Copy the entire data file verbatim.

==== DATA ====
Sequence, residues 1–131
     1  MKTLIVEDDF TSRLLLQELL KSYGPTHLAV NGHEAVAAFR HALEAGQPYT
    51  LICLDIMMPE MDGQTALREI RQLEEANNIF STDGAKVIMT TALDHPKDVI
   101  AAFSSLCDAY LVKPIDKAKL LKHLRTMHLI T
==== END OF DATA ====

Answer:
Sequence, residues 1–131
     1  MKTLIVEDDF TSRLLLQELL KSYGPTHLAV NGHEAVAAFR HALEAGQPYT
    51  LICLDIMMPE MDGQTALREI RQLEEANNIF STDGAKVIMT TALDHPKDVI
   101  AAFSSLCDAY LVKPIDKAKL LKHLRTMHLI T